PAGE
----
Hopewell, Virginia — The American South (Mid-Atlantic)
U.S. Government Bakery
Feeding the Union army was not an easy task. Much labor was required to ensure that thousands of U.S. Soldiers received their daily rations. On August 30, 1864 the U.S. Military Rail Road Construction Corps received an order to construct “an immense building for a bakery...[&] to have a side track” built to accommodate the transportation of bread to Union troops at Petersburg. Construction of the bakery started a month later and was completed by the end of October.
The bakery complex consisted of five frame structures which included an office, a yeast house, two large bakeries and a storehouse. Numerous civilian bakers kept the ovens going day and night producing more than 100,000 rations of bread daily. The bread was loaded onto trains and transported to the front with such efficiency that Union
Erected by Virginia Civil War Trails.
Marker series. This marker is included in the Virginia Civil War Trails marker series.
Location. 37° 18.575′ N, 77° 16.755′ W. Marker is in Hopewell, Virginia. Marker can be reached from the intersection of Appomattox Street and Fort Street. This marker is located on the east side of the Union Fort. Touch for map. Marker is in this post office area: Hopewell VA 23860, United States of America. Touch for directions.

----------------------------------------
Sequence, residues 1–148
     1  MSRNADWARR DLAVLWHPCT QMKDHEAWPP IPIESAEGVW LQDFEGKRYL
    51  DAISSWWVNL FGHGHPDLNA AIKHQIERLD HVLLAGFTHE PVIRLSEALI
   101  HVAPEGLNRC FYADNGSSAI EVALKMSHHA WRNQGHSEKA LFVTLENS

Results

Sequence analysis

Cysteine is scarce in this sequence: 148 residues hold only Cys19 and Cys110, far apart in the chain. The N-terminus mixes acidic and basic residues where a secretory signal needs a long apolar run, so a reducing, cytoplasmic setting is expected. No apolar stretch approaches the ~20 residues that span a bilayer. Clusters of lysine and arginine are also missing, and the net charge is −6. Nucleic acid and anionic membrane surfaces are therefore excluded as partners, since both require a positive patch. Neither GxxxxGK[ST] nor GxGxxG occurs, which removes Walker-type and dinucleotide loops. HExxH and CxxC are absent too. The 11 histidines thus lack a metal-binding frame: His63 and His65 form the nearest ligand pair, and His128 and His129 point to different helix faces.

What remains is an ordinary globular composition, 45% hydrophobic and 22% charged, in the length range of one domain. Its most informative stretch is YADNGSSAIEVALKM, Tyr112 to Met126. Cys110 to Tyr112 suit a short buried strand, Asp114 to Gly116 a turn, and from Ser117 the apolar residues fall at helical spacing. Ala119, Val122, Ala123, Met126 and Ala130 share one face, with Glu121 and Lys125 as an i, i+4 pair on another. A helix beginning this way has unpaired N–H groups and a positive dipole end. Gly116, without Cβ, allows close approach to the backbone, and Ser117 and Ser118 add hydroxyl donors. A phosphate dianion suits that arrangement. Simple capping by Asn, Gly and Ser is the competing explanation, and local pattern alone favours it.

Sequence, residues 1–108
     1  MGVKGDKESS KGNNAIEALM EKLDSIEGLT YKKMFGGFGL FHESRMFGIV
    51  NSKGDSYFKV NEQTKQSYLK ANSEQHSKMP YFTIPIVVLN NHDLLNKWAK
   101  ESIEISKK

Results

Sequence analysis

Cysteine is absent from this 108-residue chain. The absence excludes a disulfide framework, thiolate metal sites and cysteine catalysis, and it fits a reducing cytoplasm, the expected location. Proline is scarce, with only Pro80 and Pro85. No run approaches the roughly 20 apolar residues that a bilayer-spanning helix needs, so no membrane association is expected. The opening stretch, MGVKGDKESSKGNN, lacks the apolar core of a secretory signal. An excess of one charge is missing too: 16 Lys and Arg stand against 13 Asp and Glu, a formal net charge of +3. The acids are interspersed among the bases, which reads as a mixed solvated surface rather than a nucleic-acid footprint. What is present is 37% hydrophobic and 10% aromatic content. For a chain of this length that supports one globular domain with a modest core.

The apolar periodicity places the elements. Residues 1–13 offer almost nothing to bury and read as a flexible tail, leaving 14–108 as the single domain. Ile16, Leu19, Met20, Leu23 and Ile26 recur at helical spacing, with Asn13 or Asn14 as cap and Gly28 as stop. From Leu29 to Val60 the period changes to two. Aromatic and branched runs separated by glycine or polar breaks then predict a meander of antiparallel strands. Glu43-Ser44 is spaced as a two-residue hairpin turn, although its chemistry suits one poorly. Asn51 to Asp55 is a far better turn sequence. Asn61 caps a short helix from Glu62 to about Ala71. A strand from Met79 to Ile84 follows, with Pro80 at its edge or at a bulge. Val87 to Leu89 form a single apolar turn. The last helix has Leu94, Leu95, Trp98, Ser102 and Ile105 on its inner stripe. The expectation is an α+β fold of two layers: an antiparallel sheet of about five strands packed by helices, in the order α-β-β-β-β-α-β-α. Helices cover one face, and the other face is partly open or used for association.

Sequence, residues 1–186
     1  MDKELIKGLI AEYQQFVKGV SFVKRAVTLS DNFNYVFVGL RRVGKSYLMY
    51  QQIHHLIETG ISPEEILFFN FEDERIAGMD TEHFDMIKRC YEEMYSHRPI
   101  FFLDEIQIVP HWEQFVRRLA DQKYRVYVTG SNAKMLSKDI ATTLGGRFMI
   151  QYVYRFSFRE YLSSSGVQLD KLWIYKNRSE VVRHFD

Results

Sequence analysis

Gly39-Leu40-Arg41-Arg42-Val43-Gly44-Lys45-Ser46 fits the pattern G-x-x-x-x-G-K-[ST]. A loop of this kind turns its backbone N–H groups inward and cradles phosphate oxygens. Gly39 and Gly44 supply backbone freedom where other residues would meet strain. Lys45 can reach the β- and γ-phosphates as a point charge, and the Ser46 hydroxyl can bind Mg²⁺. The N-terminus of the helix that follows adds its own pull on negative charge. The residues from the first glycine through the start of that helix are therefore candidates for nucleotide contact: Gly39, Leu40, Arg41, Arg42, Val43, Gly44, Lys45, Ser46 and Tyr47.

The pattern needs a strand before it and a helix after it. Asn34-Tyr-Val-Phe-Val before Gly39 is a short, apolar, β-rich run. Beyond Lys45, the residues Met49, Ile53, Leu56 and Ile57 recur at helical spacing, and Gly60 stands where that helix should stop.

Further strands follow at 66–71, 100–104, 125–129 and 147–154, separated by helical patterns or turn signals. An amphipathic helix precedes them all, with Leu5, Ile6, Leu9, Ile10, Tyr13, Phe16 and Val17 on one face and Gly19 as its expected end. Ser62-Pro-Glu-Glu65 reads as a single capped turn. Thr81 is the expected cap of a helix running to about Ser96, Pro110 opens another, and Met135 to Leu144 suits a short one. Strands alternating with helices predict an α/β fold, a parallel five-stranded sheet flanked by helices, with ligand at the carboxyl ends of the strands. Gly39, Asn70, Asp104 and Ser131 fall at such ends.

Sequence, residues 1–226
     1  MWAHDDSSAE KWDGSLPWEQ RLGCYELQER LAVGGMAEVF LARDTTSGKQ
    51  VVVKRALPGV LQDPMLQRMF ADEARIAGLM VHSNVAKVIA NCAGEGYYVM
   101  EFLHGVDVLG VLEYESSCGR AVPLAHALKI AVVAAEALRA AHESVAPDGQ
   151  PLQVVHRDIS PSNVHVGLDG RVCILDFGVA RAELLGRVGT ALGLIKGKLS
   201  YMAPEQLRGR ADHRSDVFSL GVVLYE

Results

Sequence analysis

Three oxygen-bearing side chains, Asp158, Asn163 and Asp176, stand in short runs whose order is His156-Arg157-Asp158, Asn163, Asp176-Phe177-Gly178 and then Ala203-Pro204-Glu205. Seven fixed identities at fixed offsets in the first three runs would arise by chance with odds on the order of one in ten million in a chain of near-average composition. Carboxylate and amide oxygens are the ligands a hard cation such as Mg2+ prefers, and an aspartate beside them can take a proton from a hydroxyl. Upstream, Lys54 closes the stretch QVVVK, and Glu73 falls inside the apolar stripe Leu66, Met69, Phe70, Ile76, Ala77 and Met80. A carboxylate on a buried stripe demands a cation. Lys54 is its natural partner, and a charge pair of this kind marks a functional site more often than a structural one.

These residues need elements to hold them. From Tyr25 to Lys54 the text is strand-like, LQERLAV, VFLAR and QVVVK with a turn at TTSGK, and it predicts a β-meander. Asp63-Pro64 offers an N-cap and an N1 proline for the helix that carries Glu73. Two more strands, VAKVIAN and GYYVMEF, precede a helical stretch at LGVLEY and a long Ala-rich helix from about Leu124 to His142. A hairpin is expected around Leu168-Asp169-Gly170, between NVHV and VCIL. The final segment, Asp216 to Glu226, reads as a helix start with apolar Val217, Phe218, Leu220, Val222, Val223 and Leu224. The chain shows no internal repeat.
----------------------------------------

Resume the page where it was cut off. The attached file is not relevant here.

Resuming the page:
Other nearby markers. At least 8 other markers are within walking distance of this marker. City Point Defenses (here, next to this marker); Union Fort (within shouting distance of this marker); The Bull Ring At City Point (approx. 0.3 miles away); St. John’s Episcopal Church (approx. 0.3 miles away); Dr. Peter Eppes House (approx. 0.4 miles away); Porter House (approx. 0.4 miles away); City Point, Virginia (approx. 0.4 miles away); a different marker also named City Point (approx. 0.4 miles away). Touch for a list and map of all markers in Hopewell.
More about this marker. On the upper right is a photo of the bakery with the caption, "One of the busiest establishments at City Point; the U.S. Government Bakery produced over 100,000 rations of bread daily."
On the lower right is a photo of the railroad which served the bakery. The caption reads, "The Commissary Department of the Army was responsible for supplying food. The commissary depot and bakery stood on a railroad spur just outside the interior defense lines. Before reaching the bakery, the railroad spur split into a Y. The northern leg went to the commissary depot where supplies brought in by train were unloaded. The southern leg ran to the bakery storehouse."
Also see . . . Petersburg National Battlefield. City Point. (Submitted on June 4, 2009, by Bernard Fisher of Mechanicsville, Virginia.)
Categories. • War, US Civil •
More. Search the internet for U.S. Government Bakery.
Credits. This page was last revised on June 16, 2016. This page originally submitted on June 4, 2009, by Bernard Fisher of Mechanicsville, Virginia. This page has been viewed 1,112 times since then and 2 times this year. Photos: 1, 2, 3. submitted on June 4, 2009, by Bernard Fisher of Mechanicsville, Virginia. 4, 5. submitted on June 5, 2009, by Bernard Fisher of Mechanicsville, Virginia.